Updated: Mar 17
The challenge of growing the most beautiful and tasty tomatoes that ripen on the vine.
Tomatoes are the pride of anyone growing food. When late summer comes to early autumn, it’s the moment of truth. You’ll either be picking and eating them every day, or it is time to say okay, bugger, I’ll do better next year. Nature is not a simple thing and neither is growing tomatoes organically. Every year I am discovering something about their cultivation, especially when a new problem appears. Since I started a garden in Australia, every summer was so different, and so were the tomato crops. They are prone to so many pests and diseases, affected by the weather or growing conditions but still worth the challenge. I will admit that I only eat homegrown tomatoes fresh and raw as I never really liked them from the shop... Garden grown ones are so much healthier and the flesh of a tomato ripened naturally is so tasty. What I love with growing tomatoes is to experiment with different varieties, taste, size and colours. The various ones that are not sold in supermarkets, like the heirlooms, are my favourites. Many of them are not as resistant as the modern varieties so there is a little more challenge there. I’m getting to know which are best for our climate and one thing is for sure, the cherry tomatoes “Tommy Toe” are incredibly productive and hardy. In the cold climate mountain region where we live (foothills of the Snowys), we get a shorter season compared to warmer zones. Even in Québec, my friends seem to have better and earlier crops and that is probably because of the extra hour of daylight (the course of the sun in the southern hemisphere makes the summer days in Australia shorter and the winter days longer). Tomatoes originate from South and Central America, so they love warm sunny days.
Cherry tomato time • Photography © Bottle and Brush Studio 2019-20
GROWING & COOKING TIPS
Tomatoes are prepared like vegetables but are, botanically speaking, berry fruits. You can grow tomatoes from seed or by seedling, depending on your preference and climate. It will take longer for a plant to produce from seed if you don’t have a heated greenhouse to give them an early start. In our cold climate zone, planting out tomatoes before November is always risky as we get late frosts. There is a lot to know about growing tomatoes and I would suggest to make some good documenting before getting started. But even knowing all these basics, there is always, each year, different things to learn from. I’ve managed and improved my soil, watering and positioning to avoid the blossom end rot, split and any disorder but I’ve experimented fatal situations like the leaf curl, hail storm, drought… and this year, the white flies. On the positive side, these failures are part of the growing experience and learning curve. It is best to never compost the affected or finished tomato plants (burn or discard) as fungal diseases can survive and come back again. It is also good to practise crop rotation and companion planting. Basil, marigold and nasturtiums are the best tomato buddies. Success and failure is not only caused by gardener mistakes but weather conditions bringing the unexpected. A good tip is to try keeping an eye on the plants every day, while watering or wandering the yard. Not only might you identify a problem quicker, I find observing the plants regularly so therapeutic, especially before or after a busy day.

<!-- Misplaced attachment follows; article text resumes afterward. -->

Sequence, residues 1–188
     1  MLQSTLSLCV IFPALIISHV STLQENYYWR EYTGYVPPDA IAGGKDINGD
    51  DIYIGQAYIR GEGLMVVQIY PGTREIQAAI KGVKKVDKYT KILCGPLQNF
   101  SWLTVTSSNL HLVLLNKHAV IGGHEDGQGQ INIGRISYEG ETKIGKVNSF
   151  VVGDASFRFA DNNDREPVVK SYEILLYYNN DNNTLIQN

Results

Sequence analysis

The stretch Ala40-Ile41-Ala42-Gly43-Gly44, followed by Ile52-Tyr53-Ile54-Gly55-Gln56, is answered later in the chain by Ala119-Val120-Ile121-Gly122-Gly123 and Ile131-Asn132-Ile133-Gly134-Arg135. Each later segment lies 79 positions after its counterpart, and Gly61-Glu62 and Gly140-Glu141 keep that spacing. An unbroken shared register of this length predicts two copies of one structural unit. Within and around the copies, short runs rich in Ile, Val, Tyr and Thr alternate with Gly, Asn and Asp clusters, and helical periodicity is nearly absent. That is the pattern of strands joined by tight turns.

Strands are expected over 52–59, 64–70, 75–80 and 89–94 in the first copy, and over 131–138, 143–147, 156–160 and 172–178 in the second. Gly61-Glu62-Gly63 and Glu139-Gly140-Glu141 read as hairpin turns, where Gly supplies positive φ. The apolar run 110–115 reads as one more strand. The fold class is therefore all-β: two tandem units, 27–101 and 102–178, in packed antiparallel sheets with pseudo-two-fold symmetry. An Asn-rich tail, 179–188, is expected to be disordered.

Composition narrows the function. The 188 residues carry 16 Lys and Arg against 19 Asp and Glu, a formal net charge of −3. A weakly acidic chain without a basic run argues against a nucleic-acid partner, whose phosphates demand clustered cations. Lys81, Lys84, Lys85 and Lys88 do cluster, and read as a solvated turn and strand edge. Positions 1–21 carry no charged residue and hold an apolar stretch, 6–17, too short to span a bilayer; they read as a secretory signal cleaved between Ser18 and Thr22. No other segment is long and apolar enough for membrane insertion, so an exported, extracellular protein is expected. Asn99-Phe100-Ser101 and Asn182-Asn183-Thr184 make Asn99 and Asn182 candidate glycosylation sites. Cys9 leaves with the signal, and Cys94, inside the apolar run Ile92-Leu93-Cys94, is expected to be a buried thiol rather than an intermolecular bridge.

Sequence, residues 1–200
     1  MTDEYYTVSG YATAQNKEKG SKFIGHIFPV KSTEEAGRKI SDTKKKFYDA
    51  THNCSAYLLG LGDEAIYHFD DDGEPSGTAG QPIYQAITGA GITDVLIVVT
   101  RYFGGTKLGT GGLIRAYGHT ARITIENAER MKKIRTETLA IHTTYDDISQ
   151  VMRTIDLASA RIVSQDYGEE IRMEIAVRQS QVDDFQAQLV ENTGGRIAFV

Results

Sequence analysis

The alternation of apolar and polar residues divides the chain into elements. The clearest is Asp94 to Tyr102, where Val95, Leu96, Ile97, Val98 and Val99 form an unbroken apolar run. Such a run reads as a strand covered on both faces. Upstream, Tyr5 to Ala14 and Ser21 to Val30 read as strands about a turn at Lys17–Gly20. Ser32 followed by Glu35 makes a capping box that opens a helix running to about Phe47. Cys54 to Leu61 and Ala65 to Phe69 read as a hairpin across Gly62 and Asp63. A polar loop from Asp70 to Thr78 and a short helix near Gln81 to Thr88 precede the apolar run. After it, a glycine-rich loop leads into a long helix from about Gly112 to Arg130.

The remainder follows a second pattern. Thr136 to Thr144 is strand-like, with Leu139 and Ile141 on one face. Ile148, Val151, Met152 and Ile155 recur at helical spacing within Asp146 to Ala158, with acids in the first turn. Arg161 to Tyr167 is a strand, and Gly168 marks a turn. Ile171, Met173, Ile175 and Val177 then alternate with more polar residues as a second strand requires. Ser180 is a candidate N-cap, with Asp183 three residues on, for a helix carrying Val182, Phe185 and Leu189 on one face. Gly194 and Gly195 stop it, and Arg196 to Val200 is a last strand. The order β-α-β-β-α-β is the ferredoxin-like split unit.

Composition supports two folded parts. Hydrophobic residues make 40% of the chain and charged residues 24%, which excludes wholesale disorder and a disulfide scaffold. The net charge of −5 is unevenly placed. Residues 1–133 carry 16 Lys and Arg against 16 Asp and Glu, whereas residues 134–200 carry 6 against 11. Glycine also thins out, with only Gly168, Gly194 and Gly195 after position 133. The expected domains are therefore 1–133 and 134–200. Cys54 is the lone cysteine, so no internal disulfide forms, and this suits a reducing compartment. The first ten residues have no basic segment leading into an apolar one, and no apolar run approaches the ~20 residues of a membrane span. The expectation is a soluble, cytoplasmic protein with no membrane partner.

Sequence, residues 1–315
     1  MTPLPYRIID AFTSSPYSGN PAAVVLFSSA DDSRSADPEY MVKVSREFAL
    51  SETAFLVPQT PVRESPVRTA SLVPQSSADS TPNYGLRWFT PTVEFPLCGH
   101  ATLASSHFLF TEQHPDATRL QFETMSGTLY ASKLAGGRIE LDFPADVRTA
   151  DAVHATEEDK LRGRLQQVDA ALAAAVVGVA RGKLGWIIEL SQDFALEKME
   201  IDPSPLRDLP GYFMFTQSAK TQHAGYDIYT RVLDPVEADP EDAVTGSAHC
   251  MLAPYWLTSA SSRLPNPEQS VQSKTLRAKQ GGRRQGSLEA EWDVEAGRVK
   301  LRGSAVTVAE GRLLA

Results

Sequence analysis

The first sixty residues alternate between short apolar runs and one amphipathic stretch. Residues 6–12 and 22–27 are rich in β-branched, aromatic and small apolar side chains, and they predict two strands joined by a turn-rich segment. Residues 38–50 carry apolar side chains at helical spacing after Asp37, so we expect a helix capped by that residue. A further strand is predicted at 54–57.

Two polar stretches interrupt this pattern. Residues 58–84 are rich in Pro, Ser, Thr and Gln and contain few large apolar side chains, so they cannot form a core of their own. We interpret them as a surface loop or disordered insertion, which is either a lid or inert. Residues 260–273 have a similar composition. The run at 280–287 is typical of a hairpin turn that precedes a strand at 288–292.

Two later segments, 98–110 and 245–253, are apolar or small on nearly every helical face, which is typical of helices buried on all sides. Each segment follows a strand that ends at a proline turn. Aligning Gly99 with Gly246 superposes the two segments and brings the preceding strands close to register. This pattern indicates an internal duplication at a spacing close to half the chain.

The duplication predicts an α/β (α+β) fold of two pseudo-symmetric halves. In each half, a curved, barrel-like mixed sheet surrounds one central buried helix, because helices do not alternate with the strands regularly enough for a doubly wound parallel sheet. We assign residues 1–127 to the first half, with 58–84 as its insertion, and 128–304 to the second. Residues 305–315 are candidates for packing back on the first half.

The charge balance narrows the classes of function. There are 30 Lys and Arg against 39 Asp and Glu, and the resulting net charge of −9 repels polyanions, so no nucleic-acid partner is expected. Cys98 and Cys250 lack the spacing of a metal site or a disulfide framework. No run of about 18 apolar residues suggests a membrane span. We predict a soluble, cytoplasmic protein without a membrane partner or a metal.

Enjoying the unusual varieties • Photography © Bottle and Brush Studio 2019-20
I love diversity when growing veggies, and for tomatoes there are plenty of cultivars to choose from. The cherry tomatoes are so prolific, yummy, early and hardy. They even come up like weeds all around the garden because of the bits I left to the chooks or in the compost that has self-seeded. When I get too many of them, I make some batches of my cherry tomato sauce base that can go on pizza or saved for later in the freezer. Bigger tomato varieties take more time to get to maturity but are great sliced in a sandwich, in pasta sauces and condiments like my autumn harvest chutney. And if they don’t ripen before the frost it is also fine, because I have my grandma’s green tomato relish recipe for them! My mum and sister always loved a simple tomato sandwich but I did not like it at all. However, I've developed an exciting version adding figs (harvested at same time of year) and haloumi cheese. Hmm-mm that’s tasty! Tomatoes are packed with nutrients and considered a superfood. There is so much to do with tomatoes and ways to preserve them that they are certainly a must have in the summer veggie garden (or balcony, as they also do well in pots), and, of course, the kitchen. Fresh and organic in season is always best of course, and to shop for locally grown produce a first choice if not growing and preserving your own.
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